A United Methodist Pastor's Theological Reflections

"But thanks be to God, who gives us the victory (nikos) through our Lord Jesus Christ." - I Corinthians 15:57

Saturday, July 17, 2010

The British Open Is Reminding Us of Andrew, the Disciple

Isn't it great that by watching the British Open golf tournament this weekend, we can also grow in our faith?

This past Season of Lent, I preached a series of sermons on "The Crosses of Jesus." One of the crosses we focused on was St. Andrew's cross which is a cross Scotland, the host of this year's British Open uses as their national flag. Below is a portion of that sermon telling us about Andrew and his connection with Scotland and the golf tournament this weekend.

Here’s the brief story about Andrew. His name appears only fourteen times in the New Testament with only one of those references being outside of the four Gospels and that is in the Book of Acts. And of those fourteen references where Andrew’s name appears, three of them are simply where he’s included in a listing with the other twelve disciples.

But whenever Andrew’s name appears outside of those lists, there’s a common thread – he’s always bringing people to meet Jesus. If you remember, it’s Andrew who brought his brother, Simon Peter, to Jesus for the first time.

And it’s Andrew who brings a little boy to Jesus who happens to have five loaves and two fish. And with those five loaves and two fish, Jesus miraculously fed five thousand people with that little bit of food.

It’s Andrew, who with the help of the disciple, Phillip, tells Jesus about some people outside of the Jewish faith who wanted to meet Jesus.

So every time Andrew’s name is mentioned, he is about bringing people to Jesus and that’s why he is primarily known for evangelism. But the particular type of cross that bears his name is not primarily about evangelism, but about his humility.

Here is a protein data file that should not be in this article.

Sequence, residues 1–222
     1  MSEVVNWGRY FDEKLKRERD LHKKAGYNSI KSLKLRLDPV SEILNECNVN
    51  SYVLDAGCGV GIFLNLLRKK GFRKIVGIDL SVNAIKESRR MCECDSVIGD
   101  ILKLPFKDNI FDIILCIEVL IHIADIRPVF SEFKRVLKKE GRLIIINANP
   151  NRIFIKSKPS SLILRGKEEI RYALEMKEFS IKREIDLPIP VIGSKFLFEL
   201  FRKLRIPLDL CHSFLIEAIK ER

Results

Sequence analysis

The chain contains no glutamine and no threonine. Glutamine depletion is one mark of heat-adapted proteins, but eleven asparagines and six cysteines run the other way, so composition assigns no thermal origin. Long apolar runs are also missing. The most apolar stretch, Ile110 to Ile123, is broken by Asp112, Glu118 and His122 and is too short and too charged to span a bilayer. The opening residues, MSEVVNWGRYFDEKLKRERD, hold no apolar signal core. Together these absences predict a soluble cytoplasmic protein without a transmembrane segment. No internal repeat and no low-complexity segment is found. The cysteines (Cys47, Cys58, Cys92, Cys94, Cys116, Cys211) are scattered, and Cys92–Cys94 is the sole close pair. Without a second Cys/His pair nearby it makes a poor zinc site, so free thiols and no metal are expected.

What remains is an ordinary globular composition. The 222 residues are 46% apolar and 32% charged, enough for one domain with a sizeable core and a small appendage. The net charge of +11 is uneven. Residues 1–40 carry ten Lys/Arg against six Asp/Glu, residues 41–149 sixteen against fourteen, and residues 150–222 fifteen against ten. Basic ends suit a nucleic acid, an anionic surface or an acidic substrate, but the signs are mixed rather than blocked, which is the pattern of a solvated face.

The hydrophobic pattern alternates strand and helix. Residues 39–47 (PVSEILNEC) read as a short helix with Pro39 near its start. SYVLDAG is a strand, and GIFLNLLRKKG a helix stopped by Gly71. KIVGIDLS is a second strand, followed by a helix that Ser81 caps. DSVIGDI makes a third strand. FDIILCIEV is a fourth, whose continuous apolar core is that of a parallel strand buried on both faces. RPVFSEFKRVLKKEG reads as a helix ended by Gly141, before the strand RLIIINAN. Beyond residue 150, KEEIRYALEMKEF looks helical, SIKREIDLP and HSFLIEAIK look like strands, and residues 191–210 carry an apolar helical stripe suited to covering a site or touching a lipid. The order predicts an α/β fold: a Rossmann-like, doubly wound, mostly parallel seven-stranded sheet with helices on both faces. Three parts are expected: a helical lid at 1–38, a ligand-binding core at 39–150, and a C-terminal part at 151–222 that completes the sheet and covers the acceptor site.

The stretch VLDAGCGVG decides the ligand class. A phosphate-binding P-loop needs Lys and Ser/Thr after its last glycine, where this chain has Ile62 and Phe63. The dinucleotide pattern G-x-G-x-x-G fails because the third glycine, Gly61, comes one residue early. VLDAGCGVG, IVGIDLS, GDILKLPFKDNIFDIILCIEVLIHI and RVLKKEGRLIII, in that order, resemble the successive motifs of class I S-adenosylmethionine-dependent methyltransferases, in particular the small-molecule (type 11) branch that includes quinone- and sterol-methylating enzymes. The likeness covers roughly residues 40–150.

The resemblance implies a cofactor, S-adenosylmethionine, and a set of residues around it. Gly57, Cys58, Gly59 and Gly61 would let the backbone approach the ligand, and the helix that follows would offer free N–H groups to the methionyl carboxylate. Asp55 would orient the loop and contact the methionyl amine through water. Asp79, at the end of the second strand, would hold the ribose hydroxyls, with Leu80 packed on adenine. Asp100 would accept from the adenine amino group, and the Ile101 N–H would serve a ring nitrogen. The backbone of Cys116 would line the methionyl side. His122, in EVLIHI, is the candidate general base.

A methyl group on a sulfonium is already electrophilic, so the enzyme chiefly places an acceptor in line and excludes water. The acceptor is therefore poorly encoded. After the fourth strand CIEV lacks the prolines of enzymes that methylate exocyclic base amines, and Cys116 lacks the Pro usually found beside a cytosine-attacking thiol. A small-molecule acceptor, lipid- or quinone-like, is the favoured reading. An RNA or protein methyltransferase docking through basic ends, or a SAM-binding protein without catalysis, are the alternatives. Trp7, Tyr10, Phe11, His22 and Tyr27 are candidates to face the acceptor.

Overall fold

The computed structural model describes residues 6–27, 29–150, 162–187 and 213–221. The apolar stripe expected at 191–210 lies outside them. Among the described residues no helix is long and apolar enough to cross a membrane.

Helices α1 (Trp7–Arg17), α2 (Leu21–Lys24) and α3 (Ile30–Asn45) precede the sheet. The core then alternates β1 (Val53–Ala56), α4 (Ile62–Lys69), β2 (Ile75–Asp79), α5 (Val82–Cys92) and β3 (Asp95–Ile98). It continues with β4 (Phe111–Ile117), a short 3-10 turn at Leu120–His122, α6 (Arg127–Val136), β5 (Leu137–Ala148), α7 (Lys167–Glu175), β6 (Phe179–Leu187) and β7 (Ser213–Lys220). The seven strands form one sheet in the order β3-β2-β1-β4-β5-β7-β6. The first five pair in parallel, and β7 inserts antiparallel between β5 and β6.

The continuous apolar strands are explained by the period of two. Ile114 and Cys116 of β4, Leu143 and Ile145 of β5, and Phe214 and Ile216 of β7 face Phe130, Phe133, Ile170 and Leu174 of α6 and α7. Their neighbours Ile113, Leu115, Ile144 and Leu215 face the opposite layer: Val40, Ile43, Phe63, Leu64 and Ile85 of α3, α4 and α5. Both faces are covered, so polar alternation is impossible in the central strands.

You will notice that the St. Andrew’s cross is really an “X” shape which is very different from any of the other crosses. Church tradition tells us that following the time of the New Testament period, Andrew was crucified for his faith. And because of his tremendous humility he chose not to be crucified in the same way as Jesus. Instead, he was crucified upside down and that’s why we have this particular shaped cross.

Incidentally, Andrew’s brother, Simon Peter, also chose to be crucified in a similar way, but the shape of St. Peter’s cross is an upside down Latin cross. Both the cross of St. Peter and the cross of St. Andrew are symbols of their example of humility as followers of Jesus Christ.

And if you’re into history, you might be interested in this. Several centuries after Andrew died for his faith, tradition tells us that his relics were brought to Scotland by a missionary which is why St. Andrew is known as the Patron Saint of Scotland.

Even today people continue to make pilgrimages to this location in Scotland that is named after this saint. In fact, many pilgrims will be visiting there this July. These religious pilgrims are also known as golfers. And they will be at St. Andrew’s for this year’s British Open. If you watch the British Open this summer, I want you to think back to this message on St. Andrew’s Cross and how Andrew was known for his humility. Come to think of it, golf is a great way to keep a person humble.

1 comment:

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